Grammy Awards 2017: The Good, The Bad & The Beyonce
As entertaining as the Grammy Awards are, the live broadcast always feels like something of an ordeal. There are awkward presenters, an avalanche of hit-and-miss performances and a crappy host. That’s particularly true of last night’s (February 12) event, which, with a couple of exceptions, felt disarmingly out of touch with pop culture and the current state of the world. It wasn’t all doom and gloom, however, so let’s start the round-up with the highlights. The biggest being Beyonce’s extraordinary performance.
While Queen Bey only took home two awards (more about that later), her presence hung over music’s biggest night like a holy cloud. It started with her brilliant mash-up of Lemonade album tracks, “Love Drought” and “Sandcastles.” The very-pregnant diva delivered a stunning multi-media display, which effortlessly blended screens, projections and brilliant staging. I’ve never quite seen anything this personal (mother Tina Lawson and daughter Blue Ivy were part of the show) or universal (a bold celebration of motherhood). It looked and sounded like a work of art and immediately set the mark by which all other performers would be judged.
— Beyoncé Aus (@BeyonceAUS) February 13, 2017
It wasn’t the only magical moments. Katy Perry’s live debut of “Chained To The Rhythm” was well-executed and brought a little grit to Staples Center. She was brave enough to sing live (unlike many of her pre-recorded colleagues) and edged even further away from her traditionally fluffy brand with a moody performance. Another stand-out performer was Bruno Mars. His breezy, ’90s-tastic rendition of “That’s What I Like” resulted in a massive sales boost on iTunes and he elevated The Time’s excellent Prince tribute to another level by belting out “Let’s Go Crazy” in purple drag.
A Tribe Called Quest and Anderson .Paak joined forces for the night’s most political moment with a powerful mash-up of “Award Tour,” “We The People” and “Movin’ Backwards,” while Chance The Rapper capped off a breakthrough evening with a rap/gospel extravaganza. I was also blown away by Alicia Keys and Maren Morris’ great version of “Once” (these ladies came to sing), thought Adele opened the show on an elegant note with a lovely rendition of “Hello” and thoroughly enjoyed Keith Urban and Carrie Underwood’s campy duet, “The Fighter.”
— Anj Dela Cruz (@twitgel) February 13, 2017
Other highlights include Celine Dion presenting Song Of The Year, Twenty One Pilots accepting an award in their underwear, Rihanna spending most of the night sipping booze from a diamond-studded flask and Jennifer Lopez saving James Corden’s Carpool Karaoke debacle with her sheer gorgeousness and enthusiasm. Speaking of the Brit, his performance as host was a definite lowlight. There wasn’t a single funny joke to be heard and he strangely tried to make the night about himself, be it reading mean tweets or pretending his parents were swinging with celebrities. Cringe.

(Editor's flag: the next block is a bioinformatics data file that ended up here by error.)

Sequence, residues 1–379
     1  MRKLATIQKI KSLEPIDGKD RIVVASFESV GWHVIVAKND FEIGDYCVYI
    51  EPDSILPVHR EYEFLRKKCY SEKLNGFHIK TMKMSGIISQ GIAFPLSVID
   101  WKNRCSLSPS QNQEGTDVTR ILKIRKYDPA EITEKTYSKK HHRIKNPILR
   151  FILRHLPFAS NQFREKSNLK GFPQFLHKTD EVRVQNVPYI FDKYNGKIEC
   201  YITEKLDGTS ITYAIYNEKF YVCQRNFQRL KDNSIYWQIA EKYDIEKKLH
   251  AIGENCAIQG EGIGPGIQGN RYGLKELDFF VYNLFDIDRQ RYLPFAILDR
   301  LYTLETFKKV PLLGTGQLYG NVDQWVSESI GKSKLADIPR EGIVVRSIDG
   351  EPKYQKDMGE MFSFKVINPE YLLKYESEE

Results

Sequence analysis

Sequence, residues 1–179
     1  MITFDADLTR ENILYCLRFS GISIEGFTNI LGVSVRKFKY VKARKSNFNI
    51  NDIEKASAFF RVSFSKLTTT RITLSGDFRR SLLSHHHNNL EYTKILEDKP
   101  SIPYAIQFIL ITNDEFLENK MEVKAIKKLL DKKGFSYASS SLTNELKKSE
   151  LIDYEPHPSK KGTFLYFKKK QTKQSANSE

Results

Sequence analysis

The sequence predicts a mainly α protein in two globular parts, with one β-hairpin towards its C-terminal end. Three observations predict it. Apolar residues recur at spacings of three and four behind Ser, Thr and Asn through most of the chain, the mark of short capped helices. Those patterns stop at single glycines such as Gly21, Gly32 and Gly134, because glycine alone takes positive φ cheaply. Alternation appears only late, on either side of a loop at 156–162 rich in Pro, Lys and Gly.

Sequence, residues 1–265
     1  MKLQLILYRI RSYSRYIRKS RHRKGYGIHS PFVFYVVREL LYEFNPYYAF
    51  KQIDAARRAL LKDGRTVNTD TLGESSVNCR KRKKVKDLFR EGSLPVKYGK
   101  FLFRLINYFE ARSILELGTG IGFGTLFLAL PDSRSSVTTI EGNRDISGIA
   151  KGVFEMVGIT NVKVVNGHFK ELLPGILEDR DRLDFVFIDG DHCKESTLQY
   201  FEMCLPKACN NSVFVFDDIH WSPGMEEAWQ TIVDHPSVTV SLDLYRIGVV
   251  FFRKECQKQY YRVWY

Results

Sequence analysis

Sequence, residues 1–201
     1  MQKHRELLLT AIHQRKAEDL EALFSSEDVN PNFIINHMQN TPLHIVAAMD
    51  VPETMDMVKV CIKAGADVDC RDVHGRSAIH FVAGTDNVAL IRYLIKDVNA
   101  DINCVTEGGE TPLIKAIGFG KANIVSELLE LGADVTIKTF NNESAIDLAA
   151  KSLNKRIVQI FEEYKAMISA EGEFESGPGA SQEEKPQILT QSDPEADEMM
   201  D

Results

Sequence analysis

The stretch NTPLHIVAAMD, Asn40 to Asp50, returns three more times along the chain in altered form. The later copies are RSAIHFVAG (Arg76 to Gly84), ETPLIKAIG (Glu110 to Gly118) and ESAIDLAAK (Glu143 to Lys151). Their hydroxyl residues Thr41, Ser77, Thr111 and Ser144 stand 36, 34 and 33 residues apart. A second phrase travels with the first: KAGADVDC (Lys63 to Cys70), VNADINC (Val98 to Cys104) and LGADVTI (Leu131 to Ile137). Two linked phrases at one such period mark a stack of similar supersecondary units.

As usual, there were too many performances and some of them were really not up to scratch. Lukas Graham and Kelsea Ballerini made odd bedfellows with their “7 years”/”Peter Pan” mash-up, the star-studded Bee Gees tribute fell flat and Adele messed up the George Michael tribute to the point where she had to start again. It wasn’t all her fault, however. The ballad arrangement of “Fast Love” was just awful. Lady Gaga and Metallica also suffered from technical issues (and Mother Monster’s theatrical bent).
— Hardys® (@HardysMedia) February 13, 2017
My biggest issue with the 59th Grammys crystalized when it became clear that Adele was going to sweep the major categories. It was bad enough that a polite ballad like “Hello” trumped a politically-charged anthem like “Formation” for Song and Record Of The Year, but accusations of racial bias were unavoidable when 25 was named Album Of The Year at the expense of Lemonade — a state of affairs that prompted a well-intentioned, but clumsy outburst from the winner (below). You just have to glance at the history books to see there’s a problem here. Only three black women have ever won the award — the last being Lauryn Hill way back in 1999.
To paraphrase Frank Ocean, it boggles the mind that Taylor Swift can win the award for a generic pop album like 1989, while Beyonce was denied Self-Titled (an album that literally changed the way music is disseminated) and Lemonade — a visual masterpiece that started an important conversation about race for some and served as an instrument of healing for others. I’m not trying to diminish Adele’s talent. 21 well and truly deserved its AOTY Grammy, but the average person on the street would be hard pressed to name two songs off 25. In fact, with the exception of “Hello,” it just came and went.
How are these awards supposed to mean anything if the most important artist of the last decade, the person inspiring the eventual winners, isn’t recognized — even when she’s continually creating history?
— Pop Crave (@PopCrave) February 13, 2017